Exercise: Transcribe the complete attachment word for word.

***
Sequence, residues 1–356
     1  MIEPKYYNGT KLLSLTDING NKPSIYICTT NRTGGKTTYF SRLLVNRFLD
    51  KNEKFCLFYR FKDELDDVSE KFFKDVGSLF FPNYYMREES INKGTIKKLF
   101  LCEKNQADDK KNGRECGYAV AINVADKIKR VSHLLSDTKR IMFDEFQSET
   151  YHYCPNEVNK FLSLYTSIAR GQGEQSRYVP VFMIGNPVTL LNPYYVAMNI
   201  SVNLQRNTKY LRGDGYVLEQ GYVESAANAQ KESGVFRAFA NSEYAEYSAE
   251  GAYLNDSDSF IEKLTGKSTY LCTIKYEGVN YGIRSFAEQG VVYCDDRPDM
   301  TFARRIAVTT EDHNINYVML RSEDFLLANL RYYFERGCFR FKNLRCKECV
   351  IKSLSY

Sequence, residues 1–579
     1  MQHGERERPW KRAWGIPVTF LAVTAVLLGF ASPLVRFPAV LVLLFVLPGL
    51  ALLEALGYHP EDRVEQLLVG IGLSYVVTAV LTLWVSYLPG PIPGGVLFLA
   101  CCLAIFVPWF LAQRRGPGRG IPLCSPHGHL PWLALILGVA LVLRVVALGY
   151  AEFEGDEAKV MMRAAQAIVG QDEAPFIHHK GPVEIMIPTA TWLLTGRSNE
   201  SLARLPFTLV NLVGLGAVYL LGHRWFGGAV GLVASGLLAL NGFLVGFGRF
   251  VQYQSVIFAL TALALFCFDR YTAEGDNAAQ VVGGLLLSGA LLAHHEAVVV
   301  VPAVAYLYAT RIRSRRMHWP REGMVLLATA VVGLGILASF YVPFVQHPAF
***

Sequence, residues 1–356
     1  MIEPKYYNGT KLLSLTDING NKPSIYICTT NRTGGKTTYF SRLLVNRFLD
    51  KNEKFCLFYR FKDELDDVSE KFFKDVGSLF FPNYYMREES INKGTIKKLF
   101  LCEKNQADDK KNGRECGYAV AINVADKIKR VSHLLSDTKR IMFDEFQSET
   151  YHYCPNEVNK FLSLYTSIAR GQGEQSRYVP VFMIGNPVTL LNPYYVAMNI
   201  SVNLQRNTKY LRGDGYVLEQ GYVESAANAQ KESGVFRAFA NSEYAEYSAE
   251  GAYLNDSDSF IEKLTGKSTY LCTIKYEGVN YGIRSFAEQG VVYCDDRPDM
   301  TFARRIAVTT EDHNINYVML RSEDFLLANL RYYFERGCFR FKNLRCKECV
   351  IKSLSY

Sequence, residues 1–579
     1  MQHGERERPW KRAWGIPVTF LAVTAVLLGF ASPLVRFPAV LVLLFVLPGL
    51  ALLEALGYHP EDRVEQLLVG IGLSYVVTAV LTLWVSYLPG PIPGGVLFLA
   101  CCLAIFVPWF LAQRRGPGRG IPLCSPHGHL PWLALILGVA LVLRVVALGY
   151  AEFEGDEAKV MMRAAQAIVG QDEAPFIHHK GPVEIMIPTA TWLLTGRSNE
   201  SLARLPFTLV NLVGLGAVYL LGHRWFGGAV GLVASGLLAL NGFLVGFGRF
   251  VQYQSVIFAL TALALFCFDR YTAEGDNAAQ VVGGLLLSGA LLAHHEAVVV
   301  VPAVAYLYAT RIRSRRMHWP REGMVLLATA VVGLGILASF YVPFVQHPAF